The next-most-abundant element in plant cells is nitrogen (N); it is part of proteins and nucleic acids. Nitrogen is also used in the synthesis of some vitamins. Hydrogen and oxygen are macronutrients that are part of many organic compounds and also form water. Oxygen is necessary for cellular respiration; plants use oxygen to store energy in the form of ATP. Phosphorus (P), another macromolecule, is necessary to synthesize nucleic acids and phospholipids. As part of ATP, phosphorus enables food energy to be converted into chemical energy through oxidative phosphorylation. Light energy is converted into chemical energy during photophosphorylation in photosynthesis; and into chemical energy to be extracted during respiration. Sulfur is part of certain amino acids, such as cysteine and methionine, and is present in several coenzymes. Sulfur also plays a role in photosynthesis as part of the electron transport chain where hydrogen gradients are key in the conversion of light energy into ATP. Potassium (K) is important because of its role in regulating stomatal opening and closing. As the openings for gas exchange, stomata help maintain a healthy water balance; a potassium ion pump supports this process.

    Magnesium (Mg) and calcium (Ca) are also important macronutrients. The role of calcium is twofold: to regulate nutrient transport and to support many enzyme functions. Magnesium is important to the photosynthetic process. These minerals, along with the micronutrients, also contribute to the plant’s ionic balance.

    In addition to macronutrients, organisms require various elements in small amounts. These micronutrients, or trace elements, are present in very small quantities. The seven main micronutrients include boron, chlorine, manganese, iron, zinc, copper, and molybdenum. Boron (B) is believed to be involved in carbohydrate transport in plants; it also assists in metabolic regulation. Boron deficiency will often result in bud dieback. Chlorine (Cl) is necessary for osmosis and ionic balance; it also plays a role in photosynthesis. Copper (Cu) is a component of some enzymes. Symptoms of copper deficiency include browning of leaf tips and chlorosis (yellowing of the leaves). Iron (Fe) is essential for chlorophyll synthesis, which is why an iron deficiency results in chlorosis. Manganese (Mn) activates some important enzymes involved in chlorophyll formation. Manganese-deficient plants will develop chlorosis between the veins of its leaves. The availability of manganese is partially dependent on soil pH. Molybdenum (Mo) is essential to plant health as it is used by plants to reduce nitrates into usable forms. Some plants use it for nitrogen fixation; thus, it may need to be added to some soils before seeding legumes. Zinc (Zn) participates in chlorophyll formation and also activates many enzymes. Symptoms of zinc deficiency include chlorosis and stunted growth.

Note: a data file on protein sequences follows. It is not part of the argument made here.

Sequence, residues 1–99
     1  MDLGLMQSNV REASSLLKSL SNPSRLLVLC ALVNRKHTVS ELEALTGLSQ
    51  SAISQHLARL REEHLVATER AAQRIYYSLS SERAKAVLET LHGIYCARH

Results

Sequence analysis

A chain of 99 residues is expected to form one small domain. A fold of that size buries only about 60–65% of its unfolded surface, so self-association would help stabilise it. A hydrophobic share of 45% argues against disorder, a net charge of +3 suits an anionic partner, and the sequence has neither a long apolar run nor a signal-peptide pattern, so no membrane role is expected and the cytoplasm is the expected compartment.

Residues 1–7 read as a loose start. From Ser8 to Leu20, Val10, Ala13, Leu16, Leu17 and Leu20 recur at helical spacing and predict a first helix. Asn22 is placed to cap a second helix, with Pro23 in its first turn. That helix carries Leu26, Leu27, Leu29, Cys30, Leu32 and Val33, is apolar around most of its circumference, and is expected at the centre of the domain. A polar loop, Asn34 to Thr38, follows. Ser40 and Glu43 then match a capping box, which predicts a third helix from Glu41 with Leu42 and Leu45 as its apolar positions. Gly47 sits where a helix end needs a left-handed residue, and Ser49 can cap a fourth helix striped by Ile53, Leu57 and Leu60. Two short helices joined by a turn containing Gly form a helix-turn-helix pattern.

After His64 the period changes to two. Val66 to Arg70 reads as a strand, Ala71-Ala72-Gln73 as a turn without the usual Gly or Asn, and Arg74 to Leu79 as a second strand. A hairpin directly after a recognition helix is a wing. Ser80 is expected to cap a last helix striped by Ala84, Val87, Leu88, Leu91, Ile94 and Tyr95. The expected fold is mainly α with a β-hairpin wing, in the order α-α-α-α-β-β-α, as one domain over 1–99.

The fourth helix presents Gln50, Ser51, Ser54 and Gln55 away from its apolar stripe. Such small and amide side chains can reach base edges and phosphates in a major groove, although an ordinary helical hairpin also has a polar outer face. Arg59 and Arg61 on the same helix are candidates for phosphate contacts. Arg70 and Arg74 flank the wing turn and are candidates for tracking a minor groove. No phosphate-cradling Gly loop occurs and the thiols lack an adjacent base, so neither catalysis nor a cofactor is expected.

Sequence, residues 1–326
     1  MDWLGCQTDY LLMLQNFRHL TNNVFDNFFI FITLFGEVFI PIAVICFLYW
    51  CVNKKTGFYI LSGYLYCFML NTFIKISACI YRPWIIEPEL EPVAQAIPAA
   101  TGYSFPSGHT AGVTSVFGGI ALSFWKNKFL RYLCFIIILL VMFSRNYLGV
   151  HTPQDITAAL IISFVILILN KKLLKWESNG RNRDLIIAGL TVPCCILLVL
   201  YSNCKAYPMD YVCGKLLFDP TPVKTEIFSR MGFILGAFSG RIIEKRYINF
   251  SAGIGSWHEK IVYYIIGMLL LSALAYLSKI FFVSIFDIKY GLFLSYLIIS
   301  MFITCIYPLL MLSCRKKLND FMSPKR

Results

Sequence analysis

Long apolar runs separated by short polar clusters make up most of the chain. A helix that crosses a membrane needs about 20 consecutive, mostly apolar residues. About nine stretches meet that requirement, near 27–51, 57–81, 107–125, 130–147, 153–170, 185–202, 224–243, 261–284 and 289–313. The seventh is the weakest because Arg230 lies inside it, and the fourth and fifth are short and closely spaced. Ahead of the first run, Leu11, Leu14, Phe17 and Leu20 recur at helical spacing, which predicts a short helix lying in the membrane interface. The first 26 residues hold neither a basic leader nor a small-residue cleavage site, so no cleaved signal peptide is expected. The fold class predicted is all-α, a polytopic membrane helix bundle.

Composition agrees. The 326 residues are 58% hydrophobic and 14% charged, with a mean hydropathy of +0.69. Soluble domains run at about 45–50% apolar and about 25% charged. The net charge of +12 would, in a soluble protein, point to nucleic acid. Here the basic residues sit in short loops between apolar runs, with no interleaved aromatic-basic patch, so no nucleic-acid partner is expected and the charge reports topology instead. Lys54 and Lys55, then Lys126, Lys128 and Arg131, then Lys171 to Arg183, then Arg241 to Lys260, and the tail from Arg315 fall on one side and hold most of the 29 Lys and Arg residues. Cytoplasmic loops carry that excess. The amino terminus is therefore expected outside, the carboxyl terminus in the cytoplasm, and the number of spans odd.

Deficiencies in any of these nutrients, particularly the macronutrients, can adversely affect plant growth. Depending on the specific nutrient, a lack can cause stunted growth, slow growth, or chlorosis. Extreme deficiencies may result in leaves showing signs of cell death.

    image

    Nutrient deficiency in plants: Nutrient deficiency is evident in the symptoms these plants show. This (a) grape tomato suffers from blossom end rot caused by calcium deficiency. The yellowing in this (b) Frangula alnus results from magnesium deficiency. Inadequate magnesium also leads to (c) intervenal chlorosis, seen here in a sweetgum leaf. This (d) palm is affected by potassium deficiency.